The New Cross people’s kitchen is not just about bringing different people together and getting to know new allies or participants for our community projects, it is not just a place for community networking and for thinking and organising other projects. It becomes a political space, where people could think, discuss and learn a different way of living and being together, starting from the very micro practice of organizing the people’s kitchen collectively, in all its aspects. Only inasmuch the people’s kitchen itself is a transformative experience it can become a platform for social and political change in the neighbourhood. We shift from the (capitalistic) us-and-them model of serving, entertaining and doing charity, to one of learning from each other, learning to organize together, learning to take care of each other, learning to live our everyday lives by coming together and cooperating (commoning).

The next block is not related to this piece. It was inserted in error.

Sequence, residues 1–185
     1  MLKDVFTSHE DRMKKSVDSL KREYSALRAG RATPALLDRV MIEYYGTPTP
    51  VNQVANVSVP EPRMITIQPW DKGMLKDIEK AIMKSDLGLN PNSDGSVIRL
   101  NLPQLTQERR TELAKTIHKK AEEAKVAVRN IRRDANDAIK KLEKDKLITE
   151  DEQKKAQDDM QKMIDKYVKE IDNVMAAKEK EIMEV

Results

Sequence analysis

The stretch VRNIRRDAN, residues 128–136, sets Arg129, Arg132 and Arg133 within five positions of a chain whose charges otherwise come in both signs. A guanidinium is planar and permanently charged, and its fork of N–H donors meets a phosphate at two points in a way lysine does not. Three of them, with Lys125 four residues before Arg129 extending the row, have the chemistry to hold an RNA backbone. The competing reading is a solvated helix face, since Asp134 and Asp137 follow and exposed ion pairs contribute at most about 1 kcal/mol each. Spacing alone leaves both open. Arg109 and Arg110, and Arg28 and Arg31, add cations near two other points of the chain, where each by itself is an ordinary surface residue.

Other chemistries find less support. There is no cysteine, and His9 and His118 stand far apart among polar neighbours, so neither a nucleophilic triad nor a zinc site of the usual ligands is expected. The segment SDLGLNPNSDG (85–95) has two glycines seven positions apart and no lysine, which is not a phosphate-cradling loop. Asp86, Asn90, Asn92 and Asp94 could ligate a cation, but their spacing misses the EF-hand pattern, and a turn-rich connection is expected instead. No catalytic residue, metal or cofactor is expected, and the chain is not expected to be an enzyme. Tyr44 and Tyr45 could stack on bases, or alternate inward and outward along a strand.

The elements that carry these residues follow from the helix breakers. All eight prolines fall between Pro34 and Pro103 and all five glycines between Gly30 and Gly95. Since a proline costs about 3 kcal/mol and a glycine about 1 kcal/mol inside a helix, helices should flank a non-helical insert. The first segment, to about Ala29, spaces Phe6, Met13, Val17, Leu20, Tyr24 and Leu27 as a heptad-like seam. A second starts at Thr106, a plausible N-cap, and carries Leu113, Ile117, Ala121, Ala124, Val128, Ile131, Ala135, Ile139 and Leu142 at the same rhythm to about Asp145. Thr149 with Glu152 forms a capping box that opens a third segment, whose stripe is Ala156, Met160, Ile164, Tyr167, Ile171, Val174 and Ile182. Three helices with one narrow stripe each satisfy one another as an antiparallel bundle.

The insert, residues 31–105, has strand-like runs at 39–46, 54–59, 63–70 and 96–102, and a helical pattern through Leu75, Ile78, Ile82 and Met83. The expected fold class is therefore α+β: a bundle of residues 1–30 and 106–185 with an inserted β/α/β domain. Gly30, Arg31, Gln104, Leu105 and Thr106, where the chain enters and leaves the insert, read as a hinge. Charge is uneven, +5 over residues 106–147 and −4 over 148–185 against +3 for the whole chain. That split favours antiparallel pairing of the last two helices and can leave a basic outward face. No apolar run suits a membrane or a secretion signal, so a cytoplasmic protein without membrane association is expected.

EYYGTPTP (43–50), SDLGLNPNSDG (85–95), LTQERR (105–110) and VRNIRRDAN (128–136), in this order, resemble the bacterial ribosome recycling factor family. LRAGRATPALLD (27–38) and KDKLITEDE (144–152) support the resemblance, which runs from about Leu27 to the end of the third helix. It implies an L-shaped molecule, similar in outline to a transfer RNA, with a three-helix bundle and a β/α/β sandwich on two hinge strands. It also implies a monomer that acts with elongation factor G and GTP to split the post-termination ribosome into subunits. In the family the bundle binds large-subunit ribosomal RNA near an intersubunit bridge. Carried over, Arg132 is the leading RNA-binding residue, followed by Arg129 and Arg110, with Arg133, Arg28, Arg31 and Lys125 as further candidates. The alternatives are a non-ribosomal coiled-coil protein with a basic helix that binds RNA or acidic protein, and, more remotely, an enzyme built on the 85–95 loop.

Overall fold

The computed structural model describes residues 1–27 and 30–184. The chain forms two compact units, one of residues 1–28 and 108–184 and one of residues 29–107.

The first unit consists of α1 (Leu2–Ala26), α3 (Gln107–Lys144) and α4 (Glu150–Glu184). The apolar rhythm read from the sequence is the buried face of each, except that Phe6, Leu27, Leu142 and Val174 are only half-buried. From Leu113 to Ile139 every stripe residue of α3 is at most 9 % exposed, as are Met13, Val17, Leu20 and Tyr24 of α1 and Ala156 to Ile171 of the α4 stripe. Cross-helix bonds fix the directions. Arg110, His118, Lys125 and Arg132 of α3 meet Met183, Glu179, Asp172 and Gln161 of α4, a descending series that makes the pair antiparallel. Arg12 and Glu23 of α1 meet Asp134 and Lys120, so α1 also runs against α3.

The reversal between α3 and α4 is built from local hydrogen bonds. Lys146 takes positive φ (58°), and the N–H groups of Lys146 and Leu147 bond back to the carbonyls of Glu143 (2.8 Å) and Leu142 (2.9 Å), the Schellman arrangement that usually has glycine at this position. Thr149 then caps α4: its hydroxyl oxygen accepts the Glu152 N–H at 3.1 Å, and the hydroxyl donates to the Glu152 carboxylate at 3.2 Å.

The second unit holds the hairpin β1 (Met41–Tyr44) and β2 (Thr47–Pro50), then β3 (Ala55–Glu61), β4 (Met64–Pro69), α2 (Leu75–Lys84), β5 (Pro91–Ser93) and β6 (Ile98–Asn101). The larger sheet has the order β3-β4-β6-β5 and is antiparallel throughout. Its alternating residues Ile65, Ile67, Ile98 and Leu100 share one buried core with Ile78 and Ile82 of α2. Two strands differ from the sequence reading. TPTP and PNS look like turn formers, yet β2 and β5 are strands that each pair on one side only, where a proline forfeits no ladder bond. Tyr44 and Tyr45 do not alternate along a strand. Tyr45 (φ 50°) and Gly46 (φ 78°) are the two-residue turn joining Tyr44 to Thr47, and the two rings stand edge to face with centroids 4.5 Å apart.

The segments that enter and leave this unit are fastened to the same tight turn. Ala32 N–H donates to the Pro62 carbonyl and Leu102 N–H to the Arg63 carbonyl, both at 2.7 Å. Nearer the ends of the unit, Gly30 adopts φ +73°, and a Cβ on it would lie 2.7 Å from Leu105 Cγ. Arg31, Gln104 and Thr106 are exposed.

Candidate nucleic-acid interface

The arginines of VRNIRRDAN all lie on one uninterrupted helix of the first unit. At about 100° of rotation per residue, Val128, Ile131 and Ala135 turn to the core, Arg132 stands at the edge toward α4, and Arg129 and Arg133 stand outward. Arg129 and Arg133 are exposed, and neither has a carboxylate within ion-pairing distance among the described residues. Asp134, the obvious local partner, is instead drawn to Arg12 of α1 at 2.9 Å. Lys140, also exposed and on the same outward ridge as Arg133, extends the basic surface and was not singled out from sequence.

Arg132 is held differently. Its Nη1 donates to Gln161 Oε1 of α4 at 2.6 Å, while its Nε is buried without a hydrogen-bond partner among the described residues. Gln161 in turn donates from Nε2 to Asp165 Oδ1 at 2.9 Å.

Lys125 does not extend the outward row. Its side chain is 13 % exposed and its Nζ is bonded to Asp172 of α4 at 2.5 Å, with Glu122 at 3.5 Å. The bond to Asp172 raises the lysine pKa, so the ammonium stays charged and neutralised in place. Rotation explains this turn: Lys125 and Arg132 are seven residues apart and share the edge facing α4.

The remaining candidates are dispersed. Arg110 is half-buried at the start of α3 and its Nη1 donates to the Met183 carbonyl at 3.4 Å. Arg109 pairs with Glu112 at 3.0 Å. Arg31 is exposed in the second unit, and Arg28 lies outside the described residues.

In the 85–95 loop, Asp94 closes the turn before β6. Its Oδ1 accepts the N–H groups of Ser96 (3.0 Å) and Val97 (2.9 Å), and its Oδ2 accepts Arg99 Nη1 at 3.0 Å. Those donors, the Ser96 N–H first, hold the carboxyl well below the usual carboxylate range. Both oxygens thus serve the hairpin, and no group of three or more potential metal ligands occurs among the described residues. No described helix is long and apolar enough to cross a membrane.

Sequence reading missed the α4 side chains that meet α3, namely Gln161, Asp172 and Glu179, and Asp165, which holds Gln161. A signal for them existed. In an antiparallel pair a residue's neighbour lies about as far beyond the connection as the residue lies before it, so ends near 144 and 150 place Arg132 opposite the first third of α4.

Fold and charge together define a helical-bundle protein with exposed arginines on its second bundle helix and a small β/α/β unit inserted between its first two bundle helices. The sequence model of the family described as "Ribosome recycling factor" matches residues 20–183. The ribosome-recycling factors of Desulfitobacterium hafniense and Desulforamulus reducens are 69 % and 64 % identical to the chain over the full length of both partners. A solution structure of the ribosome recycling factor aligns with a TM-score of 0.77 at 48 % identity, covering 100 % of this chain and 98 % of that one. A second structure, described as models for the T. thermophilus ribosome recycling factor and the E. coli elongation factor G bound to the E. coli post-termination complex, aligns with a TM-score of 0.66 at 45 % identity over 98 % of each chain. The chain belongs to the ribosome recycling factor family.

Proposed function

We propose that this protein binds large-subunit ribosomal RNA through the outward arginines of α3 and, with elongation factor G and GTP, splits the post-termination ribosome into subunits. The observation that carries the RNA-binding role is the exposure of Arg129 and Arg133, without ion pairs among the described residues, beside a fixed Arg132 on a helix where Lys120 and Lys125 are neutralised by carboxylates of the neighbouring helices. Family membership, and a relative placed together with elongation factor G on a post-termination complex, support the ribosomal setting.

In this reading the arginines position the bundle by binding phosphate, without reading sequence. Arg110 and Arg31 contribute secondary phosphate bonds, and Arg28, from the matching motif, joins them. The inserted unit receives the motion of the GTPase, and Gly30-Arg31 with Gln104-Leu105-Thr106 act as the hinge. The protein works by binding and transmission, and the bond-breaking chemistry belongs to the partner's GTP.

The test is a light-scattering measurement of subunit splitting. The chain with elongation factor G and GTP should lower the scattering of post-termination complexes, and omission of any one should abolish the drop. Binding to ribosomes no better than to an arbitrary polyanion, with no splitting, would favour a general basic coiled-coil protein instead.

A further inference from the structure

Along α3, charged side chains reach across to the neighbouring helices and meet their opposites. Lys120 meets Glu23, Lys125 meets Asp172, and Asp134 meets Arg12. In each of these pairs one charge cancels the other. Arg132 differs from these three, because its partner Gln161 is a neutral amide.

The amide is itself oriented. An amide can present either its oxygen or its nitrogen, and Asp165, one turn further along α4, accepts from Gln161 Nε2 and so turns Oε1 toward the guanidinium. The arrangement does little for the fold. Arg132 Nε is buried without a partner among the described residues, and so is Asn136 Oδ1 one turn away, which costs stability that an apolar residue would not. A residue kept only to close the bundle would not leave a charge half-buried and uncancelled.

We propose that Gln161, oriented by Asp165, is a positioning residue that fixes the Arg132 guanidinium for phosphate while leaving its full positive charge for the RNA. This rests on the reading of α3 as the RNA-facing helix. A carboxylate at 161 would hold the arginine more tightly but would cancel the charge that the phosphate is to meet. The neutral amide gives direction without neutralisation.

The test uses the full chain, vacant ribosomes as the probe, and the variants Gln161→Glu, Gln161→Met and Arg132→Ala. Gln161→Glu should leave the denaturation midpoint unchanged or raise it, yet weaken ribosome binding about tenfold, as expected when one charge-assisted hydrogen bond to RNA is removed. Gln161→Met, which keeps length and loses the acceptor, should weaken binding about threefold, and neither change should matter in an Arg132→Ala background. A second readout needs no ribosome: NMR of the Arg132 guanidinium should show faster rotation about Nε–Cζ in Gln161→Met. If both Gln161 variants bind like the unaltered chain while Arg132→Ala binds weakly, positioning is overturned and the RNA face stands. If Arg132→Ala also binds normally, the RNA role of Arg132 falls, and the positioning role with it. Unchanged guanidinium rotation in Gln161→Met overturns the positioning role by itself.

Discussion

Sharing: to facilitate and organise a kind of sharing which is not just one-to-one but collective. Usually time banks are restricted to one to one sharing. We talked about the importance of questioning the opposition between “what do I get” and “what do I give” that often time banks re-enforce. We should think about different questions to be asked, to make sharing something else than a strict “do ut des” (I give you to get something in return). Questions like: what would you like to learn from other people in the neighbourhood? do have any “secret” skill that you rarely have the chance of using? do you have any “hidden” passion that you had to neglect because of your job or for other reasons? do you have anything (a space, a tool or machine) that you don’t use anymore because you don’t have the time, or because it would be too hard for you to use it by yourself? etc.